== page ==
Most importantly to me in this case was seeing the respect the two men had for each other. Aniol did not have to go up to Uldis after the awards ceremony and tell him that it was great to compete against him and that he earned it. Uldis did not have to say that Aniol has improved substantially and is a legitimate contender in Europe now. But as we’ve seen throughout this sport, while the tension is high and the desire to win is palpable between the buzzers, the respect for the dedication and sacrifice needed to be there in the first place is also understood. This is just the latest chapter in a history of these gladiators of the sport battling to the bitter end and then paying their respects as they head home to prepare for the next one. 

Karin Frey

While all the drama was on the men’s side, Karin Frey was taking care of business with the professionalism of a silent assassin. Four first place finishes, two seconds, and two thirds, en route to a commanding and convincing win over the rest of the field. She has now won the 2023 French Throwdown, 2023 Madrid Championship, 2023 Dubai Fitness Championship, and 2024 Picsil Pamplona Arena Games. She has been dominant on the European circuit. 

She also matched her career best at the CrossFit Games last August where she finished 14th (she was 14th online in 2020 as well, meaning in reality this was clearly her best ever finish). She had a sub par performance taking 17th at Rogue where she was competing sick. 

She has made a coaching change this offseason and to this point seems to be experiencing not just success in terms of results, but in the way she’s executing on the floor with the guidance of Facundo and CrossFit Mayhem. 

I have been watching Frey compete live since 2019 and can see noticeable improvements in the gymnastics realm, which has historically been difficult for her relative to her weightlifting and conditioning. Additionally she seems to be competing with an increased confidence and poise. If she continues on this trajectory it seems that she should be in the conversation for an even better placement at the Games in 2024… although, as we will highlight throughout the year, the top of the women’s field globally is extremely competitive and once again some very fit and talented women will be on the outside of the top ten looking in.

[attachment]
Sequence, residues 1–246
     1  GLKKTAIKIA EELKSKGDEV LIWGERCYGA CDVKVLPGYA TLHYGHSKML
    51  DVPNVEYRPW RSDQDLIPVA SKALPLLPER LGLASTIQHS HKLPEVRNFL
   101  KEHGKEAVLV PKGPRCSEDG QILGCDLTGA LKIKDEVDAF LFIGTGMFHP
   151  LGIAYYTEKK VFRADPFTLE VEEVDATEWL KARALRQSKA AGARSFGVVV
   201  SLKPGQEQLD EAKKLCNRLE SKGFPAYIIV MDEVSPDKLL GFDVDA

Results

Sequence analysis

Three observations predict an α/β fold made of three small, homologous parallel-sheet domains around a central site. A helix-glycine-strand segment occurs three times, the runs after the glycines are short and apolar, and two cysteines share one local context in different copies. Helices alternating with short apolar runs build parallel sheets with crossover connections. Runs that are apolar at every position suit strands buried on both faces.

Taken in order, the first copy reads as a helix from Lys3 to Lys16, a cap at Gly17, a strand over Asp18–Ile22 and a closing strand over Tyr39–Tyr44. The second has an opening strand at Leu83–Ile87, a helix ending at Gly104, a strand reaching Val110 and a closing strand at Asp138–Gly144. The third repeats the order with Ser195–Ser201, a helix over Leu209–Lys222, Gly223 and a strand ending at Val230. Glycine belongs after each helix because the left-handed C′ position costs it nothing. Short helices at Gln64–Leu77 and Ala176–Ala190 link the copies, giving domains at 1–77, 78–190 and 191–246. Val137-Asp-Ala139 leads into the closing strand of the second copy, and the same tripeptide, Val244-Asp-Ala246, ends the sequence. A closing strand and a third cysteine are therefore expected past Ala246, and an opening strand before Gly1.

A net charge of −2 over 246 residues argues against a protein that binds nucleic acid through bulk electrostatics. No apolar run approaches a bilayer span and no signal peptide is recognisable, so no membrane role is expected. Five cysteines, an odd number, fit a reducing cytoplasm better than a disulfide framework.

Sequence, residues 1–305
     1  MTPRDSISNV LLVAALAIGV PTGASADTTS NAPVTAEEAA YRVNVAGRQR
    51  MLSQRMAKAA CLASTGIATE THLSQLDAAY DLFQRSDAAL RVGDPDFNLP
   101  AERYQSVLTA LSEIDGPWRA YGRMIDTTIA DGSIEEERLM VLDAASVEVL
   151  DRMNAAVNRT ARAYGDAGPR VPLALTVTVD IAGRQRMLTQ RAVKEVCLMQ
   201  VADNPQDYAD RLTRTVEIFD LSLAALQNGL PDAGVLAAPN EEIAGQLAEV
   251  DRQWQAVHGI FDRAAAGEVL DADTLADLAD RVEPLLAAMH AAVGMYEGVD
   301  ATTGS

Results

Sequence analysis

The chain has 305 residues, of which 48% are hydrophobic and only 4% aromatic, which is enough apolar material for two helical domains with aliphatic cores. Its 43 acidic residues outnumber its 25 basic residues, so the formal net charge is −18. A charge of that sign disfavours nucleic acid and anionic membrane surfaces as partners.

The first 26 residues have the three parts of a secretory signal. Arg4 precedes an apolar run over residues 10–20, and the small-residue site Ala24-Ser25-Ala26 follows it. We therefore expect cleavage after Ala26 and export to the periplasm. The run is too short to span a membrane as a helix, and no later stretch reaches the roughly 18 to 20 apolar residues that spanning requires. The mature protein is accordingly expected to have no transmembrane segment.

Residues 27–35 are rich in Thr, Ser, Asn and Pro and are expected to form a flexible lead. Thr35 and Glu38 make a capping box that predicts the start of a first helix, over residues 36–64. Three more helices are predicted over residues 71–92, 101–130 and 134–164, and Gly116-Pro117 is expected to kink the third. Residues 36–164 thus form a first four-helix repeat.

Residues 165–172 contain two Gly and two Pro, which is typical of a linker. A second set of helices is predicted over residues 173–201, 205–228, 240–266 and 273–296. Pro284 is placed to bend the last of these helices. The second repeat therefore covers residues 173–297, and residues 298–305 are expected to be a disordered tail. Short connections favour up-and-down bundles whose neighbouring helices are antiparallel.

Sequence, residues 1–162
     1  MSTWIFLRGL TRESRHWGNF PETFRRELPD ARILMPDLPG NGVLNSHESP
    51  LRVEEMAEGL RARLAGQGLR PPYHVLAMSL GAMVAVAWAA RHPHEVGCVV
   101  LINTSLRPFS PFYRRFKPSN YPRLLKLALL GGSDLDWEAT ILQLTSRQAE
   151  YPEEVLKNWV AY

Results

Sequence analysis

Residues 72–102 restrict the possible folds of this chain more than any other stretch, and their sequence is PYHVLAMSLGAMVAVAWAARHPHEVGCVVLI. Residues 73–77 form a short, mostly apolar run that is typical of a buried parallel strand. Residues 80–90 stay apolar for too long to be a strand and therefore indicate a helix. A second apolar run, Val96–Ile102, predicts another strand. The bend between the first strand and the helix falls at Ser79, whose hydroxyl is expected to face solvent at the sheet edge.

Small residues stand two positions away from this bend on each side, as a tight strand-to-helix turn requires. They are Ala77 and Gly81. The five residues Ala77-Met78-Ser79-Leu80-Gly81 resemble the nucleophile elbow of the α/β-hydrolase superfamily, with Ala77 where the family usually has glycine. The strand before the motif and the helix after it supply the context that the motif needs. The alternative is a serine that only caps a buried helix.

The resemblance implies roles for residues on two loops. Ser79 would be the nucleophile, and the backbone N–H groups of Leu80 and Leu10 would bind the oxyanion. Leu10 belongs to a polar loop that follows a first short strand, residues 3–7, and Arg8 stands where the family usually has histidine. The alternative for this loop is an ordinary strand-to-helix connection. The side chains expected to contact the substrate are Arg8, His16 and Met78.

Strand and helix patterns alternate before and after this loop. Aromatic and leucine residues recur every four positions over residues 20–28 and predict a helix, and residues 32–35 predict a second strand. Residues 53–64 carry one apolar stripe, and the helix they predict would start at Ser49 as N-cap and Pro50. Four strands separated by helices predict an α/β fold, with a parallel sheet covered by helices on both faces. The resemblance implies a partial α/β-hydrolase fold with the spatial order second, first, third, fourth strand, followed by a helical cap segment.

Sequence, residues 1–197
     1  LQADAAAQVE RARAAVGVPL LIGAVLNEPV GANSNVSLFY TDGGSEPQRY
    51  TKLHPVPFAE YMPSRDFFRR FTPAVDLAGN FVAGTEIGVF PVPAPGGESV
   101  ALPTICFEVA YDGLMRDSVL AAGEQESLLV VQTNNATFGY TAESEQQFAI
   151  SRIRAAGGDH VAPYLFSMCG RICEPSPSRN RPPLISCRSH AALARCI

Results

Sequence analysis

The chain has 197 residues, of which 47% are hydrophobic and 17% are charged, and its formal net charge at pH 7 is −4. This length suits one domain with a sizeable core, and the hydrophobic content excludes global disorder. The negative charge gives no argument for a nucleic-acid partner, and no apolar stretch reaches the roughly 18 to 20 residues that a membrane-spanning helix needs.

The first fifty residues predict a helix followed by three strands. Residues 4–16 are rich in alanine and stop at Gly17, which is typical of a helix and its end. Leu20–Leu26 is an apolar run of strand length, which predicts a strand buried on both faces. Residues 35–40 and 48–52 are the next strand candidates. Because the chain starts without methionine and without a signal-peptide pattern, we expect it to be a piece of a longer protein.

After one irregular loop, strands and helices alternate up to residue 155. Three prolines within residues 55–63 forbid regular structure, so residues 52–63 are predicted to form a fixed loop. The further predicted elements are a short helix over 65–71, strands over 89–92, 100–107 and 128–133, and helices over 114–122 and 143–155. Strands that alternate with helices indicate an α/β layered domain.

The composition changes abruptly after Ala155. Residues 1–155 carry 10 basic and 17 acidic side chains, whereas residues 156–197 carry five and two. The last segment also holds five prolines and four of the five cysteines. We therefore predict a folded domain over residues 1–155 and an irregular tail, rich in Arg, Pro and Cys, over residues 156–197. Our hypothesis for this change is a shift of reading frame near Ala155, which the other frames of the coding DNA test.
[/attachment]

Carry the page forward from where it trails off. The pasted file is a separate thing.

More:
Next Adventures

With 20 stops down, this offseason is officially at an end for me. The Open is quickly approaching, and with it comes the start of a new season. And for me, and us at BFriendly, that season consists of much much more than four stages spread out over six months. We will be on the road covering dozens of competitions from around the world. Thank you for everything this year, we look forward to continuing to share the wonders of the worldwide competition and fitness community with you. 

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Brian Friend

Brian stumbled upon CrossFit in the Fall of 2013. He has been a writer, data analyst, content creator, commentator, and broadcast coordinator. He's worked at a majority of the largest CrossFit competitions over the last three seasons, is a regular guest on the Sevan Podcast, and has been amongst the leading sports analysts in the sport in recent years. He has a passion for advancing the sport of CrossFit, and spreading the CrossFit methodology, by living it out in both his personal and professional life.